Read – Yantra Instruments used in Ayurveda: Ashtanga Hrudayam Sutrasthana 25
Size of the edge (blade)
The Dhara (sharp edge of the blade) of instruments used for Bhedana (incising / cutting) should be of the size of the masura – lentil.
The dhara of instruments used for lekhana (scraping, scarification) should be of the size of ardha masura – half lentils.
The dhara of instruments used for vyadhana (puncturing) and visravana (draining out fluids) should be of the size (thickness) of the kaishika – thin like a hair.
The dhara of instruments used for chedana (excising) should be of ardha kaishika – half of the size (thickness) of a hair.
Notes:- Instruments meant for Bhedana are Vrdi Patra, Nakhasastra,Mudrika sastra, Utpal Patra and Ardhadhara; those meant for lekhana are Mandalagra and Karapara; those meant for Vayadhana are Kutharika, Vrihimukha, Ara and Vetasapatra and those meant for Vaisravana are Esani.
Badisa, Dantasanku and Esani
Badisa (hook) and Dantasanku should have their tip slightly bent. Esani is of three types –
- Tiksna kantaka – that having the face resembling and pointing like a sharp thorn
- Prathama yava patra mukha – that having the face resembling the first leaf (fresh leaf) of barley (which is germinating)
- Gandupada akara mukhi – that having the shape and mouth resembling that of an earthworm
Notes:- Dalhana, the commentator explains that Esani (sharp probe) is of three kinds; one with a sharp point; the second in the shape of a barley leaf and third in the shape of the mouth of an earthworm.
Read – Shashti Upakrama Meaning, Classification, Clinical Significance
Tempering of instruments
The methods of tempering of these sharp instruments are of three kinds viz,
- Kasra – tempering in caustic Alkali,
- Udaka – tempering in water and
- Taila – tempering in oil
The instruments tempered in alkalies are meant for cutting / removing the foreign bodies stuck in the body in the form of arrows and cutting (excising) the bones.
The instruments tempered in water are useful for splitting, cutting and tearing of muscles.
The instruments tempered in oil are useful for puncturing the veins i.e., venesection and excising the ligaments.
Notes:-Procedure generally adopted for tempering is to make the blade of the instrument red hot by holding it in flame and immediately dipping it in a liquid for a few seconds and removing it out. By tempering, sharpness of the blade becomes augmented and more effective in its performance.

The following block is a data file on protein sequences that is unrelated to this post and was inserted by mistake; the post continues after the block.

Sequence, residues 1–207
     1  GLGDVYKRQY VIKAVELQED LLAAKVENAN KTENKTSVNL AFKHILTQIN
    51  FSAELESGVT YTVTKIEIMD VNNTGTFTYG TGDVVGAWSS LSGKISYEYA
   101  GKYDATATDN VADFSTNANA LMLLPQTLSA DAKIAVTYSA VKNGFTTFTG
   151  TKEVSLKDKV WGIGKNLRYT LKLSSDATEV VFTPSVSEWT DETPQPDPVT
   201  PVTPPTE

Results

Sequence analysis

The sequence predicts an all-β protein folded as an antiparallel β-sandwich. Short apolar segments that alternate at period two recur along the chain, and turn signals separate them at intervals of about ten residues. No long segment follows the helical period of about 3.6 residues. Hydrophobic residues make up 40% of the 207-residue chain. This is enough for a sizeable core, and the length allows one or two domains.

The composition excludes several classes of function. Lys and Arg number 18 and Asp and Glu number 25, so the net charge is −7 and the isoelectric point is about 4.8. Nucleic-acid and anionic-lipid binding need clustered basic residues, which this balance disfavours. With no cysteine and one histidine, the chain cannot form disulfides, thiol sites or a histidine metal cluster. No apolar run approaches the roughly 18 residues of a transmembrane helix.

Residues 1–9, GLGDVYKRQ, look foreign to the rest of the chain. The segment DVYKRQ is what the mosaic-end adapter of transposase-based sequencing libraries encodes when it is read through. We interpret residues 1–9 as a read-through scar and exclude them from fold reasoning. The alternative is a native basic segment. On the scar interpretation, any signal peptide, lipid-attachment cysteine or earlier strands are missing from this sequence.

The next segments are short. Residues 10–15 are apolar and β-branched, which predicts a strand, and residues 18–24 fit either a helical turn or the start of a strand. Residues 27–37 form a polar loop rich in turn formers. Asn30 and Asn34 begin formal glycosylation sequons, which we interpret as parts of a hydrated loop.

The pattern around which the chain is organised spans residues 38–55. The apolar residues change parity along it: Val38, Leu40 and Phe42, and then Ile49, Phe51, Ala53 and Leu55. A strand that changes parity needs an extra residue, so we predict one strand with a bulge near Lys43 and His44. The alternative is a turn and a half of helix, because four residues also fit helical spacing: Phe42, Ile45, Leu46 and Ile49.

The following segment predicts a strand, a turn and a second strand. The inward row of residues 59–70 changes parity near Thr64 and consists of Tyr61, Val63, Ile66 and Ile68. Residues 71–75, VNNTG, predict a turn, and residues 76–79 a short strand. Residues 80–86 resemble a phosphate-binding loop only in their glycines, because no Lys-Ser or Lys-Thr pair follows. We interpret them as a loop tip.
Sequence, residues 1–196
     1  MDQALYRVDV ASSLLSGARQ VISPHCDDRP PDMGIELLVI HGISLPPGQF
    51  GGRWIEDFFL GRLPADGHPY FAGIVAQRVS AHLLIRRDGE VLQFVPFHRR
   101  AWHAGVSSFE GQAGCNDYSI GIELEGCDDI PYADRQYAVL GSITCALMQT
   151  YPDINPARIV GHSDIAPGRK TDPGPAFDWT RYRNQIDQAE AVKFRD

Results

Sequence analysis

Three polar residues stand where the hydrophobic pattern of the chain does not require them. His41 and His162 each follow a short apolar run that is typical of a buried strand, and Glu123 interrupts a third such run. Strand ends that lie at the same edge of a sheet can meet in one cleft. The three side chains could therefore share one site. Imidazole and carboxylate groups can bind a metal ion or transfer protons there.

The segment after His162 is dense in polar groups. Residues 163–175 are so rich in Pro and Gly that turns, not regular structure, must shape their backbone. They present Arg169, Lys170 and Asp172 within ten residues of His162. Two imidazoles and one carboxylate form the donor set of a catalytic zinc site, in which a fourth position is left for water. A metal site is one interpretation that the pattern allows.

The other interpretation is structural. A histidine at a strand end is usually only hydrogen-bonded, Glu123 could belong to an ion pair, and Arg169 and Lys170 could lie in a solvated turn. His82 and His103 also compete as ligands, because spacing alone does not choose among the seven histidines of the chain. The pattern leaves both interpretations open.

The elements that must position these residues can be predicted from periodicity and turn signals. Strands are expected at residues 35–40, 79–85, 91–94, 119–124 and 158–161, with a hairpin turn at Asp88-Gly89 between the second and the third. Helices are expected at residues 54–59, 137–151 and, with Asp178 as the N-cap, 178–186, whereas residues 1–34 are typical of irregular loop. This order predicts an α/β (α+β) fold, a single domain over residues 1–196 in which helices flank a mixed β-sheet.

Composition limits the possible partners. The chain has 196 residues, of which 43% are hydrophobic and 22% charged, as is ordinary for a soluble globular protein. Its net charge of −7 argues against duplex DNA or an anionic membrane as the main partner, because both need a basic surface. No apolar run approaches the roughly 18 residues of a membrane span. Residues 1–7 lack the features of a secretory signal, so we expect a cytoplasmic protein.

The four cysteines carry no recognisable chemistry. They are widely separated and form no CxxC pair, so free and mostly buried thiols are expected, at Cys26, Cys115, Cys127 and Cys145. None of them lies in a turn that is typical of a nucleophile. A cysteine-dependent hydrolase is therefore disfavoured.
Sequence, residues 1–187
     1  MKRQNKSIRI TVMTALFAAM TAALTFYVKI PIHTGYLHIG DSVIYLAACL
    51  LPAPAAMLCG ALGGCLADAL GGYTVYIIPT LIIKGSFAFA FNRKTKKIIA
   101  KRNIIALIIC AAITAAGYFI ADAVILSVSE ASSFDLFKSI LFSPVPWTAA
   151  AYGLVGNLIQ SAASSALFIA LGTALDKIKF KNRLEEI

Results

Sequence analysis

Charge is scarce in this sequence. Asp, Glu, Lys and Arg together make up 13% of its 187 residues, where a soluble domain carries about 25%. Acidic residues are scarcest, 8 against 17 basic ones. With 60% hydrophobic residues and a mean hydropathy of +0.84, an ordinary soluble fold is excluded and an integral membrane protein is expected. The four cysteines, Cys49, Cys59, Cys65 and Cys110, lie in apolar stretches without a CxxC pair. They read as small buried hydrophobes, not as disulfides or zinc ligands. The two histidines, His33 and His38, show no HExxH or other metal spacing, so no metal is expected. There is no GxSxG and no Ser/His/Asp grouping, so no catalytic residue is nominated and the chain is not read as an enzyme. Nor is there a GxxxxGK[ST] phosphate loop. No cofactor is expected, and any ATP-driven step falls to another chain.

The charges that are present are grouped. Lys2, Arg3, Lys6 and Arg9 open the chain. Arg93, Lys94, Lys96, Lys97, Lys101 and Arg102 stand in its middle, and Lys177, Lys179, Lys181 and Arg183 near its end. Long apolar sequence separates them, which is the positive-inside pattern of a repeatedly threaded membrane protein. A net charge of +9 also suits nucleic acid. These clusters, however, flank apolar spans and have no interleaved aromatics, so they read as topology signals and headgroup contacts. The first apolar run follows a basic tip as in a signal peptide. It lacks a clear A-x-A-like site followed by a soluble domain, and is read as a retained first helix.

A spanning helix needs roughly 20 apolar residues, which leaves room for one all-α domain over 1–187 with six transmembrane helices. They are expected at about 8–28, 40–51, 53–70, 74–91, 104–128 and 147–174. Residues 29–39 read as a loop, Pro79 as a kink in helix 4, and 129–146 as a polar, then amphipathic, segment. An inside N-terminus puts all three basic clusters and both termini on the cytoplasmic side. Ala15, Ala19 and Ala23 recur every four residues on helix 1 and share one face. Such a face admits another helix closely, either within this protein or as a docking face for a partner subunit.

Nisana – Sharpening
Generally, a smooth stone slab of the colour of black gram is used for sharpening the blades of sharp instruments.
A pod of Salmali fruits (with silk cotton inside) shall be used for maintaining the sharpness of the edges of the sharp instruments (for keeping the sharpened blades).
Right time to use the sharp instruments
One verse here:-
The sharp instrument should be used in surgical activities –
- only when the blade of the instrument has been sharpened well such that it can split a hair
- when it is well fixed
- when it is held properly (by the surgeon) and
- when it is of appropriate size
Read – Procedure of surgical operation: Ashtanga Hrudaya Sutrasthana 29
Below mentioned are the anusastras – accessory instruments –
- tvak sara – bamboo
- sphatika – rock crystal
- kaca – glass pieces
- kuruvinda – corundum stone
- jalauka – leech
- agni – fire
- ksara – caustic alkali
- nakha – nail
- leaves of goji (gojihva), sephalika, saka and karira
- bala / vala – hair
- anguli – finger
Areas of using anusastras (accessory instruments)
The physician should use anusastras – accessory instruments including bamboo, rock crystal, glass piece, corundum stone etc for conducting surgical procedures like excision and splitting in
- children (who are naturally scared about instruments and sometimes the sharp instruments shall be harmful for using in kids)
- persons who are afraid of sharp instruments
- the absence of or non-availability of required sharp instruments during the time of surgical procedures
The nails shall be used in extraction, excision, and cutting and in any procedures where they can be used (as and when possible).
The procedure of using caustic alkalies, fire and leeches will be described later on (in the chapters ahead).
The leaves of goji, sephalika and sakapatra shall be used for draining the diseases of the mouth and of the eyelids of their fluid accumulation.
One should use esani (probe) for esana karma (probing, exploring). In the absence of esani, probing shall be done using hairs, fingers or sprouts.
Read – Leech Therapy Procedure, Benefits, Side Effects, Treatment
Manufacture of the instruments
The intelligent physician should get the instruments manufactured from pure and strong / hard iron (steel). These instruments shall be prepared by a blacksmith who is experienced and skilled in his work.
Secret of success in surgical practice
The surgeon who is well versed and experienced (in use of sharp instruments, accessory sharp instruments, blunt instruments and accessory blunt instruments) in the surgical procedures will find success in conducting surgical procedures and curing the patients only if he practices these surgical techniques daily and regularly. Hence the physician / surgeon should always practice the methods of holding the sharp instruments correctly.
Thus ends the Eighth chapter by name Shastravacharaniya, in Sutra Sthana of Susrutha Samhita.